by Brian Hoyt
The World Economic Forum has released its Financial Development Report 2009, which scores and ranks 55 of the world’s leading financial systems and capital markets according to their level of financial development. It analyzes the drivers of financial system development and economic growth in developed and developing countries to serve as a tool for countries to benchmark themselves and establish priorities for reform.
The United Kingdom replaced the US as this year's top performer. America's fall is largely due to lower financial stability scores and a weakened banking sector (click to enlarge):
The report also highlights the impact of the financial crisis on the Millennium Development Goals. Erik Feyen, Financial Economist in the World Bank’s Financial and Private Sector Development Vice Presidency, has written a chapter in the report that highlights this impact.
Below is an excerpt:
Financial Development, Financial Crises, and the Millennium Development Goals
There is no doubt that financial sector development contributes to economic growth and poverty alleviation. And even though financial systems can be prone to instability, studies show that countries that have experienced occasional financial crises have, on average, grown faster than countries with stable financial conditions because they stimulated healthy risk taking, by, for example, financing a small company, a farmer or R&D activities. However, financial crises can have devastating effects on the world’s most vulnerable people. The weakest members of society are often at the highest risk of falling into a poverty trap, which can lead to long-term developmental and economic losses. The current crisis has once again demonstrated that developing countries must strengthen their safety nets and plan their crisis intervention scenarios to protect the weakest in a timely, targeted, and cost-effective manner.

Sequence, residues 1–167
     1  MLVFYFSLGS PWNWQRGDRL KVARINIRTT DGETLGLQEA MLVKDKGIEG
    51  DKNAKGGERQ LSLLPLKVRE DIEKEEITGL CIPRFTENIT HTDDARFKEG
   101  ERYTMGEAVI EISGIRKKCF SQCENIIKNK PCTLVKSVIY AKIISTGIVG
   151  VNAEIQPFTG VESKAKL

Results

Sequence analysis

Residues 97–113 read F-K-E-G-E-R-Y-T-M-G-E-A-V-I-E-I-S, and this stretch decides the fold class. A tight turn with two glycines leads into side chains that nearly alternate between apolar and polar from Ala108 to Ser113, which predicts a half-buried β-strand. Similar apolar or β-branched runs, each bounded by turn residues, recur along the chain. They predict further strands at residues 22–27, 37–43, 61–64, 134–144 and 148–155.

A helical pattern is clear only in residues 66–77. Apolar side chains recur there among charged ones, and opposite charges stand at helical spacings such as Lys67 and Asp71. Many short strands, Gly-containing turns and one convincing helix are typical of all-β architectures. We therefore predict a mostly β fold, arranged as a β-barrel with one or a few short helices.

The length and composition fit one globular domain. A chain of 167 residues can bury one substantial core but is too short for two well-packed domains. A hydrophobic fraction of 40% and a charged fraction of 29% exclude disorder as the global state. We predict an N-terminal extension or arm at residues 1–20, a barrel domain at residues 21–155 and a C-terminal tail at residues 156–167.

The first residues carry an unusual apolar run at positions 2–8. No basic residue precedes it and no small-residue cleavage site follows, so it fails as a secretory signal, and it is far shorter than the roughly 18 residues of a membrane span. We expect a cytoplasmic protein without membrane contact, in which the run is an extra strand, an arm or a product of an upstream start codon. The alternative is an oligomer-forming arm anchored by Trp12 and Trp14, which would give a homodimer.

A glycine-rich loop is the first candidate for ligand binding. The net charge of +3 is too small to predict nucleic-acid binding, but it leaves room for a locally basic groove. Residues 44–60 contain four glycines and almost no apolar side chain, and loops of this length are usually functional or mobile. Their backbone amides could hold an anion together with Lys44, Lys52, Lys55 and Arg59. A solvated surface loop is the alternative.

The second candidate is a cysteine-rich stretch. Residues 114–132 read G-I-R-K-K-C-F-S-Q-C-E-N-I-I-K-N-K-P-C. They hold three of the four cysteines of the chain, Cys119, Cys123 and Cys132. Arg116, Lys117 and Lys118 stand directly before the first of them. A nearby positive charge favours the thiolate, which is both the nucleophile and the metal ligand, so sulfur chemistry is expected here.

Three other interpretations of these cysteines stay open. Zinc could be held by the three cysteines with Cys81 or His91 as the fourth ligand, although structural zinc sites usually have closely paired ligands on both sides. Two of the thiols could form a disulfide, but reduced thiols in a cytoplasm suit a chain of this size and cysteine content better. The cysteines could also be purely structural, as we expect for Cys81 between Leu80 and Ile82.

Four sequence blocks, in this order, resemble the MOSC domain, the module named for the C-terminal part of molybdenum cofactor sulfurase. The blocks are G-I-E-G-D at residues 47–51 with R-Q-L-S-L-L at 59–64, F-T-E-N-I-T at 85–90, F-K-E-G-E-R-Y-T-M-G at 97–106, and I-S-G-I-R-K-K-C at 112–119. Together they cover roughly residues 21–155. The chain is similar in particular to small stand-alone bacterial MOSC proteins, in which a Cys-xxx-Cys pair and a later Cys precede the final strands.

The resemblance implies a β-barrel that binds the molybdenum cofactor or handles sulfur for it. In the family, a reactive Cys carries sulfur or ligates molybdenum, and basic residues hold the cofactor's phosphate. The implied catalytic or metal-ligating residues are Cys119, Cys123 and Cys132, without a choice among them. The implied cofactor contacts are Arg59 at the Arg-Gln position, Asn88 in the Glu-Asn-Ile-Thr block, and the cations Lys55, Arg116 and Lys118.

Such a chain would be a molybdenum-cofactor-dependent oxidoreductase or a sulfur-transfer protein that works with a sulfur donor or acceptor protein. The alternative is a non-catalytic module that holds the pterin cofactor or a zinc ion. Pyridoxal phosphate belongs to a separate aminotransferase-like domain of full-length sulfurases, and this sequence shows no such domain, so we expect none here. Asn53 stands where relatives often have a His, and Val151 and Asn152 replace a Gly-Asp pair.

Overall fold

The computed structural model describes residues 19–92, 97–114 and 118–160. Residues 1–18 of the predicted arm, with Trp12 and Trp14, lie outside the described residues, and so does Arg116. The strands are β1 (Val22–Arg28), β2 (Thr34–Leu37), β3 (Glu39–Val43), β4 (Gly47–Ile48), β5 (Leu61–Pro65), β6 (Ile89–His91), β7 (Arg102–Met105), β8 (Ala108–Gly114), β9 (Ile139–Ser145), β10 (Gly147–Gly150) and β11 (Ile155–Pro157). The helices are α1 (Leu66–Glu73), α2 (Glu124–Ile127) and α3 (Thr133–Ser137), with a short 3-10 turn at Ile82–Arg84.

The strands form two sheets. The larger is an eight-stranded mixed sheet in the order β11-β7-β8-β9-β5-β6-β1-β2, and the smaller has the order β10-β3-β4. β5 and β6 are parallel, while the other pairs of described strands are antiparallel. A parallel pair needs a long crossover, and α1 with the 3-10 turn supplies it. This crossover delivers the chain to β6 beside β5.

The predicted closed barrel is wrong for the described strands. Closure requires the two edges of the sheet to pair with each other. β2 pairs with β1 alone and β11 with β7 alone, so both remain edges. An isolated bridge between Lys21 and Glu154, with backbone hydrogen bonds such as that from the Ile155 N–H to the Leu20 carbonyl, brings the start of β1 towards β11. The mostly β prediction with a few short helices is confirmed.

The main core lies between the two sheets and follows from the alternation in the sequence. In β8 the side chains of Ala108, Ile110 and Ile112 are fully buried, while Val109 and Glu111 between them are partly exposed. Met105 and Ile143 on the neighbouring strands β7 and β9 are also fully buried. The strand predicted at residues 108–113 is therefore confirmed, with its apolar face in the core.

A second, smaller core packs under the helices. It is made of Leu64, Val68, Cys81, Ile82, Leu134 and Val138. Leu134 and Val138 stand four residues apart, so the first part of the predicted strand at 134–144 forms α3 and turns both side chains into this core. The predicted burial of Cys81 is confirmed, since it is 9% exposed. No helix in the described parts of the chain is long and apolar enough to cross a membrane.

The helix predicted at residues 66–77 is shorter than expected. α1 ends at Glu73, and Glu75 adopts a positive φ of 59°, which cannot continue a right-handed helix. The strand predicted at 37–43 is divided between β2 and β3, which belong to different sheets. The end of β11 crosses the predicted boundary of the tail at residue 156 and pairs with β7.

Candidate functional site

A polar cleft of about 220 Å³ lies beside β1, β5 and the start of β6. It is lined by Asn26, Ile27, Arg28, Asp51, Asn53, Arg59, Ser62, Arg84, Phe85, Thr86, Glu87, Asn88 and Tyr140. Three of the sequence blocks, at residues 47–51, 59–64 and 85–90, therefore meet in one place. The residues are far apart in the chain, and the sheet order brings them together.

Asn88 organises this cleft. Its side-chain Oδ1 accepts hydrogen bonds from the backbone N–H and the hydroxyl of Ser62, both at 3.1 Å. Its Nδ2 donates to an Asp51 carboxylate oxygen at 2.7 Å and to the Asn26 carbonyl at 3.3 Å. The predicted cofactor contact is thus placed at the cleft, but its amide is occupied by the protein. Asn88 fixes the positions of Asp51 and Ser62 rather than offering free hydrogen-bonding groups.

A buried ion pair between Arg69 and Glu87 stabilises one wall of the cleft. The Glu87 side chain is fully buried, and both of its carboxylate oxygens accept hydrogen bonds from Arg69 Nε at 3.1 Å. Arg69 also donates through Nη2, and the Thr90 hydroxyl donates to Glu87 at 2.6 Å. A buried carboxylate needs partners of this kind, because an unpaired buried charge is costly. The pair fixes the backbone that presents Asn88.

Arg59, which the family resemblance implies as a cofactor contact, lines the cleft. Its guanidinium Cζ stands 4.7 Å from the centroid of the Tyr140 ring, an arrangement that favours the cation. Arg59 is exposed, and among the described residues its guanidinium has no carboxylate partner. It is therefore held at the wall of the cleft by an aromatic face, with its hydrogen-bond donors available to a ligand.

During normal times, both developed and developing countries with sound banking and capital markets enjoy stronger per capita income growth than countries without such markets. Research suggests that financial development results in fewer people living in poverty, since the poor indirectly benefit from economic growth through increases in employment opportunities, real wages, as well as from investment in core infrastructure.
However, although the poor benefit disproportionately from financial development, they also tend to suffer disproportionately from financial crises. This occurs because they are less able than wealthier people to insulate themselves against shocks. Even a small shock can force households to sell off productive assets such as land and livestock, economize on food and healthcare, and pull their children out of school to make ends meet. Thus, financial crises can endanger progress toward attaining the Millennium Development Goals.
Countries should continue to pursue policies that encourage financial development and avoid those that lead to excessive long-term intervention in systems or those that increase protectionism in the wake of a financial crisis. Well-thought-out safety nets and crisis policies would do much to mitigate the worst effects of a crisis on the poor.
Click here to view the report in full